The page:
The activity of high-dose megestrol acetate was studied in 47 patients with epithelial ovarian cancers after failure of initial chemotherapy. The dose of megestrol acetate was 800 mg/d orally (PO) for 4 weeks and then 400 mg/d until tumor progression. Patients generally had far-advanced disease. Prior therapy included cisplatin, doxorubicin, and cyclophosphamide (PAC) or other cisplatin-containing regimens in 37, other combinations in eight, and single agents in only two patients. Seventeen patients (36%) developed intestinal obstructions within the first 2 months on study. Tumor histology was serous in 37, endometrioid in six, and clear-cell in two. Two thirds of the tumors were histologic grade 3, and the others were grade 2. Complete remission was obtained in one patient, with time to progression of 4 months. There were three partial remissions, with times to progression of 4, 5, and 18 months. The overall response rate (complete and partial) was 8%. Three additional patients had minor remissions (3, 5, and 8 months), and five had stable disease, for 3, 4, 5, 6, and 9 months. There was no correlation of response with grade, histologic type, or site of disease, but responding patients had a longer survival from diagnosis to protocol entry and from protocol failure to death than did nonresponding patients. The major side effect of megestrol acetate was increased appetite, which caused one patient to withdraw from the study, and resulted in a 10- to 20-kg weight gain in five patients. Plasma levels of megestrol acetate averaged 600 ng/mL in the first month of therapy and decreased to approximately 400 ng/mL at 8 and 12 weeks, after the drug dosage had been reduced. Serum follicle-stimulating hormone (FSH) and luteinizing hormone (LH) levels were markedly lower during megestrol therapy compared with pretreatment values. Megestrol acetate at 1 μg/mL in vitro inhibited soft agar colony formation from one of 17 specimens of ovarian carcinomas. We conclude that megestrol acetate in high doses has modest, but definite, palliative effects in some patients with advanced ovarian carcinoma in whom chemotherapy has failed. A controlled trial of megestrol plus combination chemotherapy as first-line treatment of advanced ovarian carcinoma should be considered.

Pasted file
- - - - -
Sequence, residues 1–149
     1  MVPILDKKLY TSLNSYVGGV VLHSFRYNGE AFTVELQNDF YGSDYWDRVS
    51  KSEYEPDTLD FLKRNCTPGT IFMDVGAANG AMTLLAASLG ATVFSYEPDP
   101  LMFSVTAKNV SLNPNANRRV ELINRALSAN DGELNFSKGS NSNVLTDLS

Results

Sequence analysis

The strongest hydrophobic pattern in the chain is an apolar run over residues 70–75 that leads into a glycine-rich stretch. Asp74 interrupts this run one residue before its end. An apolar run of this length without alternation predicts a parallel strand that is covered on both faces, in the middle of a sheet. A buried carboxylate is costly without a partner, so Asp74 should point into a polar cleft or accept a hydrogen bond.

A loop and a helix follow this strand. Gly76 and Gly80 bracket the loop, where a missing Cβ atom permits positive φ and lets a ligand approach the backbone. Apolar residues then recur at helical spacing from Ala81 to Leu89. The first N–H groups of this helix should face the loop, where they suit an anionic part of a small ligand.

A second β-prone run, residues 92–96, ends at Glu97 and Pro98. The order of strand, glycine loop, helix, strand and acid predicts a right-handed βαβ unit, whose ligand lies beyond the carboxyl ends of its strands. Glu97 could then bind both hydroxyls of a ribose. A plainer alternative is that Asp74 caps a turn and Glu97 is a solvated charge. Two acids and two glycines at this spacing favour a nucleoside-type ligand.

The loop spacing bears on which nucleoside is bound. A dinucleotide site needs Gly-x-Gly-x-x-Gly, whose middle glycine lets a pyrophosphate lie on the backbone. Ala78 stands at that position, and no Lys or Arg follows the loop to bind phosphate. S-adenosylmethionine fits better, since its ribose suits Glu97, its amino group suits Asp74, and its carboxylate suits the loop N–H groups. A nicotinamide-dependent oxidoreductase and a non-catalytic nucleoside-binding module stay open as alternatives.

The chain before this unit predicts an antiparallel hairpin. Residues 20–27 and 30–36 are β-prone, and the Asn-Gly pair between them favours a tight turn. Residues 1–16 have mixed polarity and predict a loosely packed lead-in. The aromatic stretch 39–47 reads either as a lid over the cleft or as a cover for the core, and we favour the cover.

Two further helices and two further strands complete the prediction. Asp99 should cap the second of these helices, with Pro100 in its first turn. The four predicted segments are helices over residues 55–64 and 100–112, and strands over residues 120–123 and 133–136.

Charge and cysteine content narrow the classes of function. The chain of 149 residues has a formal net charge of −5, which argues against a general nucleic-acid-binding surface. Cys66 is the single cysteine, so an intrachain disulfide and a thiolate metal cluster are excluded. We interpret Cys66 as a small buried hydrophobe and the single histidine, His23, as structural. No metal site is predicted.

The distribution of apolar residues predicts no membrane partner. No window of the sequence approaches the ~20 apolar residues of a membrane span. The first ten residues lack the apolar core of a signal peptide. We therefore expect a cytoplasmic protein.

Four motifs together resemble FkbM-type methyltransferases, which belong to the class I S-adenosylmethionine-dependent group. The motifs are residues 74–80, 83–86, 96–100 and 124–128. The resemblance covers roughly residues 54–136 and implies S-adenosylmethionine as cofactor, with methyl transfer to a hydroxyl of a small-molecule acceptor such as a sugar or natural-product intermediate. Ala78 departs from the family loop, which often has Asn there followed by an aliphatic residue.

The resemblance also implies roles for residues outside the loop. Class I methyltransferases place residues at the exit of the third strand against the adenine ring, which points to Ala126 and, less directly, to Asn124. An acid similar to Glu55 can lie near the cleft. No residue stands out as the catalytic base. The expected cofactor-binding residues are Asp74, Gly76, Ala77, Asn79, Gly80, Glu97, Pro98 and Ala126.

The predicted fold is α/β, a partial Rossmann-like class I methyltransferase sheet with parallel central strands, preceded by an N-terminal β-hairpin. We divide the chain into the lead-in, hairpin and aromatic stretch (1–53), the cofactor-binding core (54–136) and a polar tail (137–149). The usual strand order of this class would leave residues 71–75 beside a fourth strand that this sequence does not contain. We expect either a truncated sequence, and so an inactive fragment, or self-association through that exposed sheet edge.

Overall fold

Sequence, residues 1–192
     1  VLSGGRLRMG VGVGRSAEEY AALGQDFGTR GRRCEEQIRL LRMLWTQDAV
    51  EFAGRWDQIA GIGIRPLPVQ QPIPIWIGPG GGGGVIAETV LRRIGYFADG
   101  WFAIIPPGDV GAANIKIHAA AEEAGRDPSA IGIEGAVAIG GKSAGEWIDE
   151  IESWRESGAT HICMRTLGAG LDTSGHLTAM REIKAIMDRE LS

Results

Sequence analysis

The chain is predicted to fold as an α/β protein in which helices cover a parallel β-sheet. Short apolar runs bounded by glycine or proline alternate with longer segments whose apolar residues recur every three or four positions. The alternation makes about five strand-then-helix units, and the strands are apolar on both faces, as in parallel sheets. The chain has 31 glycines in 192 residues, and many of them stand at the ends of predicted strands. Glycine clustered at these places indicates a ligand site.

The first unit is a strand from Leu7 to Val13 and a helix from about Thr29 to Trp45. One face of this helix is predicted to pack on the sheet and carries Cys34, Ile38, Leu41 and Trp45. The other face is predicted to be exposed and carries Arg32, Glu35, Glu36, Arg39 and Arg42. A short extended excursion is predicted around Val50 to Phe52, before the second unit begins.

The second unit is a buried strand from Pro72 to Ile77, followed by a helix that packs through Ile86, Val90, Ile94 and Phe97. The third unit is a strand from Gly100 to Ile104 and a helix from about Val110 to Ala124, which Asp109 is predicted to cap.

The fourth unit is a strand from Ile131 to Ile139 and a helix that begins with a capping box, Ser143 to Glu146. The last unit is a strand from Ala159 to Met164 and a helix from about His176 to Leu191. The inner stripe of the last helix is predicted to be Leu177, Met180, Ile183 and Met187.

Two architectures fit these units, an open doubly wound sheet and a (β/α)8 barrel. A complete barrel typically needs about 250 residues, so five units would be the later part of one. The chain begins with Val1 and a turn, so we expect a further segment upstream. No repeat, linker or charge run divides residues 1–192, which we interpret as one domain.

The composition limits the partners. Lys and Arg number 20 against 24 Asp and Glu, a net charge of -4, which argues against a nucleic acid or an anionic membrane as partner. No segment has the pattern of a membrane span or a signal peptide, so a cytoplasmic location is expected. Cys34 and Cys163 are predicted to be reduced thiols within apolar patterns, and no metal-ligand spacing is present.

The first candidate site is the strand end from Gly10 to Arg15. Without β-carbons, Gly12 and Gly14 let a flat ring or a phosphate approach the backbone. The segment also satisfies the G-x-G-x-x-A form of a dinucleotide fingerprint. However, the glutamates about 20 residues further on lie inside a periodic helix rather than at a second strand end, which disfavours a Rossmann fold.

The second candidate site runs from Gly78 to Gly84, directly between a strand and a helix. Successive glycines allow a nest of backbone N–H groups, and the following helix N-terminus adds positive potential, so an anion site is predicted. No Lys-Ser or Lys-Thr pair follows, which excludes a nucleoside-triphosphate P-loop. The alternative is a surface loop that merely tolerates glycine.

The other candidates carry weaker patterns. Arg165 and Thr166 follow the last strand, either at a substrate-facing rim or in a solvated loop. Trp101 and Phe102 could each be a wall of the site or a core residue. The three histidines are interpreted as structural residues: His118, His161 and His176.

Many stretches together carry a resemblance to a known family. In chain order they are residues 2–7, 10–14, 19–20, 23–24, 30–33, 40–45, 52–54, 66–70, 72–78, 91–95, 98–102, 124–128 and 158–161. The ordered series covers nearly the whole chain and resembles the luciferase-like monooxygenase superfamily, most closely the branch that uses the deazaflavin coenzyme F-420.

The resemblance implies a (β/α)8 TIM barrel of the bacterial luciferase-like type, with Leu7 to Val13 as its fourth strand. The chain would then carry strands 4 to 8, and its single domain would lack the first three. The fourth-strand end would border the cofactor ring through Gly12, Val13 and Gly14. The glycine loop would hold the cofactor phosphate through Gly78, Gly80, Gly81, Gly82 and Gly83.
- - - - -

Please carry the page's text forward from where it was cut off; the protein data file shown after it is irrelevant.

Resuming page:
|Original language||English (US)|
|Number of pages||7|
|Journal||Seminars in Oncology|
|Issue number||4 SUPPL. 4|
|State||Published - 1986|
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